Economy in litigation: The judgment notes concerns regarding the costs of civil litigation and encourages courts’ use of case management powers to reduce expense, for example by directing statements of agreed facts, joint expert reports, and jointly instructed experts.

On the issue of expert evidence, the Supreme Court concluded that Mr Greasly’s evidence had been properly given and considered. In the course of the appeal, counsel for Cordia had (correctly, in the view of the court) conceded that health and safety practice could be the subject of expert evidence. Lord Reed and Lord Hodge held that all of the factual evidence given by Mr Greasly had been rightly admitted, and while he had made statements of opinion on Cordia’s legal duty, “an experienced judge… could readily treat the statements as the opinions of a skilled witness as to health and safety practice… and make up his own mind on the legal question.”

The law on health and safety at work

The judgment traces the EU law origins of our statutory framework governing health and safety at work, and gives a useful summary of the underpinning principles. These include the importance of risk assessment, followed by risk avoidance, then risk reduction, and that collective protective measures, where feasible, are preferable to individual measures, which in turn are preferable to merely issuing instructions to employees.

Lord Reed and Lord Hodge have endorsed the approach advocated by Smith LJ in Allison v London Underground Ltd [2008] EWCA Civ 71; [2008] ICR 719; in that “the most logical way to approach a question as to the adequacy of the precautions taken by an employer was through a consideration of the suitability and sufficiency of the risk assessment” (para.89). Therefore, whether there has been a “suitable and sufficient” risk assessment for the purposes of reg.3 of the Management Regulations is an anterior question to whether “suitable personal protective equipment” has been provided in compliance with reg.4 of the PPE Regulations. The Lord Ordinary’s conclusions in respect of these questions were ones he was entitled to reach on the evidence before him, and it was reasonable to infer that the failure to provide the PPE caused or materially contributed to the accident. Further, an employee is “at work” for the purposes of both the Management Regulations and the PPE Regulations throughout the time when she is in the course of her employment, and therefore Miss Kennedy had the benefit of these statutory protections as she traversed the icy path to her client’s door.

In relation to common law liability, the Justices pointed out that Miss Kennedy was not in the same position as an ordinary member of the public using the footpath; she had an important obligation to reach her elderly and ill client to provide care in the course of her employment and therefore had no choice but to use the path. An employer’s duty goes beyond taking common precautions and may encompass an obligation to seek out risks which are not in themselves obvious. In this regard, the court preferred the modern formulation of the duty of care in Baker v Quantum Clothing Group Ltd [2011] UKSC 17; [2011] 1 WLR 1003, para 9 to the older test in Morton v William Dixon Ltd 1909 SC 807, 809 cited by the Extra Division. (This had required the pursuer to show that the precaution contended for was either commonly taken or obviously needed.) Further, the duty on employers to carry out a risk assessment is not merely statutory but is “logically anterior to determining what precautions a reasonable employer would have taken in order to fulfil his common law duty of care” (para.110).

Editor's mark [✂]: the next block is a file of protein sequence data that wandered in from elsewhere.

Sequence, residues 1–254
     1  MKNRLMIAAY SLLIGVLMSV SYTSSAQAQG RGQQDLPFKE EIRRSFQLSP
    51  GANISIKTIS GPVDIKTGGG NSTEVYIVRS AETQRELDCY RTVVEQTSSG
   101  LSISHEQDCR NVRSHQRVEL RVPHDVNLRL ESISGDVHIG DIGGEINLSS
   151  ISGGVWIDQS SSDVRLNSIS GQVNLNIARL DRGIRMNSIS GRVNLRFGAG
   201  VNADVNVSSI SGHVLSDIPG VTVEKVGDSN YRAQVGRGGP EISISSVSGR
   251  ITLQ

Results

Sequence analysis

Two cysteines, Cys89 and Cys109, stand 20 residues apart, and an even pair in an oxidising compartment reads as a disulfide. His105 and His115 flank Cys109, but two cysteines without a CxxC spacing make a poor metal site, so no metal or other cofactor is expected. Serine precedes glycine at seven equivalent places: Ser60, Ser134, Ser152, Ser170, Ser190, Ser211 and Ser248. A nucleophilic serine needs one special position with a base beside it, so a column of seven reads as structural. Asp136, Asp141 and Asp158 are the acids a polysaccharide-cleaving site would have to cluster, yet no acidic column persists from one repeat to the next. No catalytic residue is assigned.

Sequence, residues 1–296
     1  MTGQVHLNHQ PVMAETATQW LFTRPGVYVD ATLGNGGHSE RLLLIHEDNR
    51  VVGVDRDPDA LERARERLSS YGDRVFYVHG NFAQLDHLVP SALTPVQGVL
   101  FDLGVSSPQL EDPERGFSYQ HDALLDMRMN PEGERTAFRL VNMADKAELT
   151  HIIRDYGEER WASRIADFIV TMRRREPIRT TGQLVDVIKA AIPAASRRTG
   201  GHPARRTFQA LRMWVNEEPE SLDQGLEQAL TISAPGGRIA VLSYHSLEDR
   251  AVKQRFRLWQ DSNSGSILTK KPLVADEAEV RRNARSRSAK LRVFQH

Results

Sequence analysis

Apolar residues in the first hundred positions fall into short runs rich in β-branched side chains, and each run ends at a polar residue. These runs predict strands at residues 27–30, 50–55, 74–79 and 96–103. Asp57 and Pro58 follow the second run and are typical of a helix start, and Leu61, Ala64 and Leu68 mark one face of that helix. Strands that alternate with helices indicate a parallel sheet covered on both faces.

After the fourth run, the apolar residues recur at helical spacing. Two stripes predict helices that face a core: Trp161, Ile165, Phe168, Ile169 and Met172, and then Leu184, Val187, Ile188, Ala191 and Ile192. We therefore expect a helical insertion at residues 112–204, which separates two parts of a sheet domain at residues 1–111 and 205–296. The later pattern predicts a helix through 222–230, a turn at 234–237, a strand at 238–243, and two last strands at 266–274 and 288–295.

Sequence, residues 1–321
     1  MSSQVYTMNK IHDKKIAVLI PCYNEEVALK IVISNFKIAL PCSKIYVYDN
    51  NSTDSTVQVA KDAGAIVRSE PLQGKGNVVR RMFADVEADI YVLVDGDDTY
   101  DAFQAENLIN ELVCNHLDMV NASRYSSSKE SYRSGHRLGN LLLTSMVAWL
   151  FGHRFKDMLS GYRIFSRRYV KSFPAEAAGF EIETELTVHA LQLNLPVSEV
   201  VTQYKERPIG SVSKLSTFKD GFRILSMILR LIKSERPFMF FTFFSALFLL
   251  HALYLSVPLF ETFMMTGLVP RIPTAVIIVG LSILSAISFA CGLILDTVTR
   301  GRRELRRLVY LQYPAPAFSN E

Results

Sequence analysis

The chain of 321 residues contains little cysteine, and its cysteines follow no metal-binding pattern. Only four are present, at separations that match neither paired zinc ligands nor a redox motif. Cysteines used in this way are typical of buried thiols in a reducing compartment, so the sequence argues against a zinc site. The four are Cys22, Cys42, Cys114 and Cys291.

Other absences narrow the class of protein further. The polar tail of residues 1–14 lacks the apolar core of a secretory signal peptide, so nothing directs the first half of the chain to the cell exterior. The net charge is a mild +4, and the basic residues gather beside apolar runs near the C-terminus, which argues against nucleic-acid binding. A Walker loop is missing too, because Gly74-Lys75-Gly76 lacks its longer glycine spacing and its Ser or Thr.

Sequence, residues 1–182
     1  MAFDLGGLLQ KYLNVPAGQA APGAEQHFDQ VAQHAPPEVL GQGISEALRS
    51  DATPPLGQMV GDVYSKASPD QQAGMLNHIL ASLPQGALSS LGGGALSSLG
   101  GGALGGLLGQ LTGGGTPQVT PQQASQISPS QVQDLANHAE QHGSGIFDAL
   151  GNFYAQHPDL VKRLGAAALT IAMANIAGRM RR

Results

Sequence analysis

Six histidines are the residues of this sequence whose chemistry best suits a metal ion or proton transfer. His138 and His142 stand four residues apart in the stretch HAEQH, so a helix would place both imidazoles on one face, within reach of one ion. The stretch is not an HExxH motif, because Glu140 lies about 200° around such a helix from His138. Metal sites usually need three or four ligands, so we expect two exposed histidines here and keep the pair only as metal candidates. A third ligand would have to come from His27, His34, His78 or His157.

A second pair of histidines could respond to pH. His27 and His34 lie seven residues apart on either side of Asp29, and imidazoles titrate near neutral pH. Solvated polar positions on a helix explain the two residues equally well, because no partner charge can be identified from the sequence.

The guidance on skilled witnesses is given in relation to Scots civil law, but is readily cross-applicable to the English law on expert evidence. While the judgment considers the use of expert evidence regarding health and safety practice, it is also more widely applicable to other areas of expertise. Where there is any doubt as to the admissibility of proposed expert evidence, this judgment can be used as a checklist by lawyers in advising their clients on litigation strategy.

It should be noted that at the time of Miss Kennedy’s accident, the Management Regulations and the PPE Regulations gave rise to civil liability for a breach that caused injury. Since s.69 of the Enterprise and Regulatory Reform Act 2013 came into force on 1 October 2013, breach of most health and safety regulations is merely a basis for establishing liability under the common law of negligence. The judgment confirms and emphasises that the obligation to risk assess forms part of the employer’s common law duty of care.  

Lastly, employers whose employees work outdoors in snow and ice may also wish to investigate anti-slip attachments if they do not provide these already.  Following the Kennedy v Concordia (Services) LLP decision, it will be difficult for employers to argue that they were reasonably unaware of this precautionary measure.